As early as 2011, the First Nation presented an updated map of the Grassy Narrows during a court battle to determine whether the government had the power to authorize logging in the area.

Over the past decade, Grassy Narrows says it has submitted the same updated map to the Ontario government multiple times. In 2017, the updated area map was included in the province’s 10-year management plan for logging part of the Whiskey Jack forest, home to the Grassy Narrows and where clearcut logging was suspended.

The area of ​​the new map was not questioned by the government, according to Grassy officials.

Grassy Narrows has also requested that the land outlined on the map be designated by the federal government as an Indigenous Protected and Conserved Area (IPCA).

IPCAs are lands and waters where indigenous governments assume a leading role in the protection and conservation of an ecosystem. That role includes determining land boundaries and management plans. No decision has been made on the appointment.

Campbell said in September 2018 that the ministry contacted Grassy Narrows about an additional permit application, not one of eight permits covering 42,000 acres, that overlapped the Grassy Narrows territory based on the map above. He said there was no response.

Fobister said Grassy officials never received correspondence about the application.

Eight recently approved mining permits collectively cover more than 42,000 acres, about a third of which are within the Grassy Narrows area, according to the First Nation.

The ministry approved that permit in 2019.

“In general, it is not honorable to send a letter to a community in crisis and then saddle up with potentially harmful industrial activities if no response is received,” said Fobister.

Grassy Narrows officials say they requested resolution of disputes under the Mining Act in response to an email from ministry staff inviting discussions on the indigenous protected area map.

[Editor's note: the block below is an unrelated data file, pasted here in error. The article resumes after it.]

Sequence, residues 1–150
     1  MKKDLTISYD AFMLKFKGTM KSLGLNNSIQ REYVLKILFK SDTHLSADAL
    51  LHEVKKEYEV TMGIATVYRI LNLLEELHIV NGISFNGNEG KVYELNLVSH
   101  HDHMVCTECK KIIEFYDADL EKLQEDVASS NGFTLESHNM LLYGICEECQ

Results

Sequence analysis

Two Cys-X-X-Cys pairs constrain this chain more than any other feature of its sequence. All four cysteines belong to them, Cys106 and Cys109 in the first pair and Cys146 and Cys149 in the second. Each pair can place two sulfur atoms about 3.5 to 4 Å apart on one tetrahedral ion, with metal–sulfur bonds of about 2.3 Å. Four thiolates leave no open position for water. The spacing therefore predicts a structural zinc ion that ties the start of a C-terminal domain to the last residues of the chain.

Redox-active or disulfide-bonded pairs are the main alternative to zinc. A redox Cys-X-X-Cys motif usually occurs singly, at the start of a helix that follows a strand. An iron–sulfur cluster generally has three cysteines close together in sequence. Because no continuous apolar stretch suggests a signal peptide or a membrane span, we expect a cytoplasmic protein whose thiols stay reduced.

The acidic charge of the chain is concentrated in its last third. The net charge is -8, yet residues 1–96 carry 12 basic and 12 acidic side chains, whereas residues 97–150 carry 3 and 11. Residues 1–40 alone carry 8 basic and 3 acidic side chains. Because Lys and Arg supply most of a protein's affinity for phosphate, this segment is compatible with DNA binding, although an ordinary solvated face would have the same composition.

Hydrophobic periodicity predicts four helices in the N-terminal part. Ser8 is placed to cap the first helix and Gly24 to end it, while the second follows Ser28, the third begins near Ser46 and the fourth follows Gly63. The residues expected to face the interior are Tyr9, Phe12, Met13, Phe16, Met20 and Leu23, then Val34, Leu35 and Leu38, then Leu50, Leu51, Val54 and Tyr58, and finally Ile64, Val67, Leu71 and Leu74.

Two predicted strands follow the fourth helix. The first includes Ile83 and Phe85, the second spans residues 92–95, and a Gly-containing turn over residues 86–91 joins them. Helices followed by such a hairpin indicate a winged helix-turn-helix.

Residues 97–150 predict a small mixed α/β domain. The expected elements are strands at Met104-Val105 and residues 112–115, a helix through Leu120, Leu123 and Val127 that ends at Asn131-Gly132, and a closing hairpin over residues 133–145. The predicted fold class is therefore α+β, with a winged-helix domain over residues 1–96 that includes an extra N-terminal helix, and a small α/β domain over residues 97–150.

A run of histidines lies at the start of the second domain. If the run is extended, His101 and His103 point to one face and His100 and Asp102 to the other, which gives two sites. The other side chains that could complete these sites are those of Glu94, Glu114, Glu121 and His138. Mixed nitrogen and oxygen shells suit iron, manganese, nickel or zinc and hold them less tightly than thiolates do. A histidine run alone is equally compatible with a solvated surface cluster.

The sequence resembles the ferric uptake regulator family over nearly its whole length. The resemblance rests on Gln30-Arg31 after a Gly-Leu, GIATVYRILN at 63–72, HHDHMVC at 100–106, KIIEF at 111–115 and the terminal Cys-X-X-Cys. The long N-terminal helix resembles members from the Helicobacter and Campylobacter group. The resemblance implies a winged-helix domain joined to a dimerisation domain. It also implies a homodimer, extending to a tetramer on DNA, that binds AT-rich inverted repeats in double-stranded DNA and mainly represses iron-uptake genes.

The invitation came on June 25, more than a year after the first of the eight permits was approved, and after the indigenous community repeatedly wrote to the ministry for information on the permits.

Minister Greg Rickford agreed to meet with Grassy Narrows officials to discuss dispute resolution and the first exploration permits in question.

Ontario approved these exploration permits at a time when the Grassy Narrows saw an increase in active mining claims.

An April 2021 Torstar investigation found that the area covered by mineral claims had quadrupled in the Grassy Narrows territory since October 2018, when the First Nation made a land declaration prohibiting industrial activities, including mining. exploitation of minerals and mining, in its territory.

The Doug Ford administration was criticized for facilitating mining in the territory while alleged mercury dumps upstream have not been excavated.

A ministry spokesperson had attributed the rise in gold claims to rising mineral prices, as well as the discovery of gold on a nearby property in 2018. He also noted that the overwhelming majority of claims registrations and mining projects exploration does not result in an operating mine.

Toronto Star investigations have previously identified two suspected mercury dump sites upstream from the Indian community, where residents have long suffered physical and mental health problems due to mercury poisoning.

Fish near the Grassy Narrows remain the most contaminated in the province, and scientists strongly suspect that old mercury still contaminates the mill site and pollutes the river.

The spokesperson said the ministry holds the plant site owner Domtar responsible for assessing the extent of mercury contamination at and around the site.